Bret Easton Ellis Talks Modern Day Patrick Bateman Before ‘American Psycho’ Broadway Opening
Ben Walker is getting ready slay them on Broadway in American Psycho the Musical. Walker is playing Patrick Bateman, the role made famous by Christian Bale in the Recently, author Bret Easton Ellis addressed a question that has been plaguing fans of American Psycho for decades. That question is where is Patrick Bateman now?
Bret Easton Ellis recently penned an easy in Town & Country about the fate of Patrick Bateman:
“After 25 years I'm occasionally and increasingly asked by readers of a book I published in 1991 called American Psycho (later made into a movie in 2000) about where its narrator, Patrick Bateman, would be now. This question has become even more prevalent lately, on the book's 25th anniversary, either at appearances and signings or on social media, usually while fans share this year's Halloween costume pic--almost always the blood-splattered sheer slicker that Christian Bale's Bateman wears in the film as he kills supposed Pierce & Pierce rival Paul Allen (Jared Leto) with an ax to the head. In particular they wonder where the Wall Street yuppie and serial killer, haunting the late '80s streets and nightclubs and restaurants of Manhattan, would be residing if he were recreated and resituated in 2016.”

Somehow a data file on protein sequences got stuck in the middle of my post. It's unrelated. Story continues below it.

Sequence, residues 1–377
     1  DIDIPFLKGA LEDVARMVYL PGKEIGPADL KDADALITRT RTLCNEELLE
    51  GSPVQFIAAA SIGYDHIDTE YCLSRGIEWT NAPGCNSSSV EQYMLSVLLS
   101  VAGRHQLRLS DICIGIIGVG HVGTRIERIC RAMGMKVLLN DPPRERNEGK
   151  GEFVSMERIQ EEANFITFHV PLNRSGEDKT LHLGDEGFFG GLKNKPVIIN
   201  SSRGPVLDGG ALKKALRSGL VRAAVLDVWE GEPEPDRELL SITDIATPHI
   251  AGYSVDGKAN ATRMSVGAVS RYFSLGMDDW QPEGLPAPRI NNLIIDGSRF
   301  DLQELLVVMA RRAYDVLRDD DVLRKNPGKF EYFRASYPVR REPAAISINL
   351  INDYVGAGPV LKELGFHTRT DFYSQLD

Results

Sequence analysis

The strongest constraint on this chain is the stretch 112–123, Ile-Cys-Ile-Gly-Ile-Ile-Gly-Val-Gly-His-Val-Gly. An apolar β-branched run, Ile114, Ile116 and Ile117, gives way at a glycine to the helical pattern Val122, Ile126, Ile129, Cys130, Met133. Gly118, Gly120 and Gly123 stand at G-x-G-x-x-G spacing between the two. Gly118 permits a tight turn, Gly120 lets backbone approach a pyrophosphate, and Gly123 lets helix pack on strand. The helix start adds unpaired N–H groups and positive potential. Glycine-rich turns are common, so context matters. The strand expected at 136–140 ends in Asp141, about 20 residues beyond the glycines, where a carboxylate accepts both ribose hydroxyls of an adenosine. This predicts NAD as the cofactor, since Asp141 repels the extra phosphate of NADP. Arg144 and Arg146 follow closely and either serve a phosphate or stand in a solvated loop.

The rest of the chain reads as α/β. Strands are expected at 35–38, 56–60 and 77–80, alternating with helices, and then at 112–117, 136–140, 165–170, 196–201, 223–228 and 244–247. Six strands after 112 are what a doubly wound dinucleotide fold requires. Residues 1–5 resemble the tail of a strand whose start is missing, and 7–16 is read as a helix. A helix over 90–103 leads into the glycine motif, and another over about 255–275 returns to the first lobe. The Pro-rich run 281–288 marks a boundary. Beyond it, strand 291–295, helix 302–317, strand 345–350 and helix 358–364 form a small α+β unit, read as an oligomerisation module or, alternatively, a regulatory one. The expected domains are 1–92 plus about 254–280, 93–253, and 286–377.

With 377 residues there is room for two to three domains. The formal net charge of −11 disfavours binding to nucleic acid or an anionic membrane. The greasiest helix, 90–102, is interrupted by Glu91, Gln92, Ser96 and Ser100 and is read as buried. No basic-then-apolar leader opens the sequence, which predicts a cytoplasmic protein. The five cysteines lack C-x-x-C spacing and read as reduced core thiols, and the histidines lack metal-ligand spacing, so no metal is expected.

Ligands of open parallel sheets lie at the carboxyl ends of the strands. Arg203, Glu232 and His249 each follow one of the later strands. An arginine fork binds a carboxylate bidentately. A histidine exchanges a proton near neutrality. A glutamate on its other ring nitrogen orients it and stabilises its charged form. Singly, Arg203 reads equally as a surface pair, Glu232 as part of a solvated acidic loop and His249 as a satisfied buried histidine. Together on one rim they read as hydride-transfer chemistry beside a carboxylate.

After noting Bateman’s fictitious address, Ellis goes a little deeper, adding:
“If you read the book carefully and have a sense of Manhattan geography, you know that Bateman's sleek and minimalist Upper West Side apartment has an imaginary address. This suggests that Bateman might not be a completely reliable narrator, that perhaps he's a ghost, an idea, a summing up of the values of that particular decade filtered through my '80s literary sensibility: moneyed, beautifully attired, impossibly groomed and handsome, morally bankrupt, totally isolated and filled with rage, a gorgeously dressed and empty thing, a young and directionless mannequin hoping that someone, anyone, will save him from himself. All of this happens during the end years of the Reagan '80s.”
This is just a tiny taste of the insight that Ellis shared. You can and should read his full essay here.© 2016 The Classical Art, All rights reserved. Do not reproduce without permission.